The Ancient History of the Maori, His Mythology and Traditions. Te Arawa [Vol. VII, English]
Chapter XVIII — Te Arawa — (Nga-ti-whakaue)
What indication do I feel of omens throbbing at my nose?
It does not cease to indicate its evil in one day.
Maybe it is the noise of war now sounding near,
Though evil be diminished, though tide now ebbed.
I feel my love of death yet still increase in me,
And, sighing still, I long to throw me from the cliff
At Ara-titaha, as thoughts swell
Within my heart, of food thus left by me
In this our world, a world of plumes,
So left and put aside, and placed at O-tangi-moana.
Nor does thy hand once leave its sacred bay,
As misty rain beats down, and thou don't pass o'er sea,
And wrongly pass o'er path on mountain ridge,
And dragging his canoe, the Kumukumu,
Even out to the ………. of the noble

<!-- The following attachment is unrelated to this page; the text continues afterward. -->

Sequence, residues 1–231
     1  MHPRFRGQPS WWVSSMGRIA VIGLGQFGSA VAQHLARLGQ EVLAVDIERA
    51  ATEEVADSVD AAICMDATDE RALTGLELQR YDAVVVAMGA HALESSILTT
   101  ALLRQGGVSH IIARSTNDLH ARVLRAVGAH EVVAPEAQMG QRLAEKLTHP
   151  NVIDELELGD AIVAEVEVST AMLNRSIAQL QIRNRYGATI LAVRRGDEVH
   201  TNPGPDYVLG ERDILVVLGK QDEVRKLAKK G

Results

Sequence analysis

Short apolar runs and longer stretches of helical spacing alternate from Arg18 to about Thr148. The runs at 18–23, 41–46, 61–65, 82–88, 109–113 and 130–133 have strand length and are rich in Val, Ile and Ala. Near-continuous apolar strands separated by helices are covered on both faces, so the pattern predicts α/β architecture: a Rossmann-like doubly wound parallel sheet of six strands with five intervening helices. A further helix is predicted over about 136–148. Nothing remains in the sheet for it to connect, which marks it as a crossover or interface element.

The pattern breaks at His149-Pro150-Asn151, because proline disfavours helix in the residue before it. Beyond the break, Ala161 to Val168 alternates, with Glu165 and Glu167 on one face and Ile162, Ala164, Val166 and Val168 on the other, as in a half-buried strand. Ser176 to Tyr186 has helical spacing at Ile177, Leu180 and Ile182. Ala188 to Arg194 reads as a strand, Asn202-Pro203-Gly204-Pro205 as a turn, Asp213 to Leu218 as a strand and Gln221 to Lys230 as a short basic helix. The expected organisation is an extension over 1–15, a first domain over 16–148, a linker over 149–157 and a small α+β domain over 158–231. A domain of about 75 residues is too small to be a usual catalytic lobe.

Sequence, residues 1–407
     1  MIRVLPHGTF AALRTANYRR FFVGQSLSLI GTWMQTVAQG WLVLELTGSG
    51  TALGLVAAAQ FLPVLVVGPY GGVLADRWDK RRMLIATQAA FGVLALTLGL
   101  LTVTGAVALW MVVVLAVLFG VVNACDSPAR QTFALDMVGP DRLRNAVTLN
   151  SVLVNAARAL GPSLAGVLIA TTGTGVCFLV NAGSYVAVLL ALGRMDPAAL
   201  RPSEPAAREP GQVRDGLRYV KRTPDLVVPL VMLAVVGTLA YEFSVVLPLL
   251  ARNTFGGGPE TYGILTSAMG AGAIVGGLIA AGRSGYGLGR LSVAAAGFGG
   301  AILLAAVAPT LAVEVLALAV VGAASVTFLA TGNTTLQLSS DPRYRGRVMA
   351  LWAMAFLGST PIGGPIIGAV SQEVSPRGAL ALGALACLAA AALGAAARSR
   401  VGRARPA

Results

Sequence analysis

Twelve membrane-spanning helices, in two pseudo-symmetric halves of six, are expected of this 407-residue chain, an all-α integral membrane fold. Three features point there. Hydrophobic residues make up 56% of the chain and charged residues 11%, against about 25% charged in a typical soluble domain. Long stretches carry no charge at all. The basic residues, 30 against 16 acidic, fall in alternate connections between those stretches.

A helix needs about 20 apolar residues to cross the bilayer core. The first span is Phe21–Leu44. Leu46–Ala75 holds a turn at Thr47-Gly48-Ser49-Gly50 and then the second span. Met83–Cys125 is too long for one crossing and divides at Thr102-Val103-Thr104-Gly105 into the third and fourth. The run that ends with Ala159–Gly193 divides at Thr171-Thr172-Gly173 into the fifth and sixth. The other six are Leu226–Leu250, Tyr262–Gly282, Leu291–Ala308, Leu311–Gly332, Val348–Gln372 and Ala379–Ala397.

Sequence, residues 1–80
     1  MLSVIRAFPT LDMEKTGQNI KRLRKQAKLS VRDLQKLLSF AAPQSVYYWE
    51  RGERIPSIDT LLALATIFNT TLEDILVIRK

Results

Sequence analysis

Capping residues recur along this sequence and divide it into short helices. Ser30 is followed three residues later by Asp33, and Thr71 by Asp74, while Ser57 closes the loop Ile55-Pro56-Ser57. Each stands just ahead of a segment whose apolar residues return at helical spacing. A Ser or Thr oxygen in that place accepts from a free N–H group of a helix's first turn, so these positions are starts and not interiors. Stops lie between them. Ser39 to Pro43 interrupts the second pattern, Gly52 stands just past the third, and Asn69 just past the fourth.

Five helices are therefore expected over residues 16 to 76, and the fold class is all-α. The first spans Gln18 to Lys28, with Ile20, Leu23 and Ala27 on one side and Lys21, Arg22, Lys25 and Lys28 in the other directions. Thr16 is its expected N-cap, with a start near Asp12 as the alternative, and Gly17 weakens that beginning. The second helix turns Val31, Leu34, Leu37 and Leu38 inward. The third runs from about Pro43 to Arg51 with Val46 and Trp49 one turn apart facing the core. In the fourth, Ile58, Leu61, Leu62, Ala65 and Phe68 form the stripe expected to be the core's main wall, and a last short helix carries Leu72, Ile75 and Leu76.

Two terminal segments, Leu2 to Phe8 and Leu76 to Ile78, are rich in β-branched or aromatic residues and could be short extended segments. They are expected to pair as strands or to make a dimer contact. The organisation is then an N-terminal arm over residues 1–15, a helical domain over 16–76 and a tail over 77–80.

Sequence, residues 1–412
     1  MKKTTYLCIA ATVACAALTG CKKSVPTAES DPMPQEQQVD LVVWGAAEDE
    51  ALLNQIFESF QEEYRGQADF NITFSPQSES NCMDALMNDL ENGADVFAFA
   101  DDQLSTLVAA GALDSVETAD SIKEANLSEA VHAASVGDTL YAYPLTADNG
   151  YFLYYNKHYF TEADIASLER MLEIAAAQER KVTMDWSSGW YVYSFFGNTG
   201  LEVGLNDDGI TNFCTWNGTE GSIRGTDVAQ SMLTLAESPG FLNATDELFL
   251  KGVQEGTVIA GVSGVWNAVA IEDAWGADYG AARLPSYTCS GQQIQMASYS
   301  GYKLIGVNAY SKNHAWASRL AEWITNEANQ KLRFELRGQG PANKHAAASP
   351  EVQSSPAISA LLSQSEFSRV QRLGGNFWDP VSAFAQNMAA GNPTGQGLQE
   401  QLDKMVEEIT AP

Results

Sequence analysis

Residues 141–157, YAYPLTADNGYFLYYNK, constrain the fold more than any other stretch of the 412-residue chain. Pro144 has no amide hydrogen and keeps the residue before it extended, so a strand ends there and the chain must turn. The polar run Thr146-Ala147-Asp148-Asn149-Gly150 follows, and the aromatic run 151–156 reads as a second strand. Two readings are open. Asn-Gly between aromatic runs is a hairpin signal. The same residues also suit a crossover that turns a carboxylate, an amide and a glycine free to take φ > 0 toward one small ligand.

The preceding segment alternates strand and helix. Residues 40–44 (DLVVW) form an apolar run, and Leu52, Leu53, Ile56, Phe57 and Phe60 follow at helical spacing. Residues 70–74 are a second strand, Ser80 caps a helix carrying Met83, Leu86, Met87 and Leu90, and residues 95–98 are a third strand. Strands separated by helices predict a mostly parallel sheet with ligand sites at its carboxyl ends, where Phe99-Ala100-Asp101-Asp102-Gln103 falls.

Who live at Maunga-roa,
Where the shag has home and lives high on a peak.
But look at Rua-wahia and Tara-wera
Where garments folded up oft come from Tara-iti
And sighs are heard and life into this world comes back.
Still ………. the migrators from the Muri-wai
Have gone, and passed into the Reinga,
And thou hast uttered now thy word
And sent it on the southern breeze
As though thou wast of lowly birth,
Nor darest to meet with noble born
Who came to meet thee from Tumu-tara,
At invitation sent in years gone by;
But soon as Pa is taken
And Rama captured by his enemies,
Though he may not have been the first.
Or even the last-born of Papa-whara-nui,
Who swallowed stars and moon, and then
A lasting peace would make, and constant calm.
(Maori copy of this song to follow this English translation.)
Hapus who are living in land belonging to Te-arawa, allowed by the Arawa to live in their district:
Nga-ti-tura (the bold)
Nga-ti-ahuru (the warm)
Nga-ti-tama-te-ra (of the sons of the sun)
Nga-ti-tu-korari (of the flax)
Nga-ti-Ihenga (the ……….)
Nga-ti-hika-i-puku (the barb that has a head)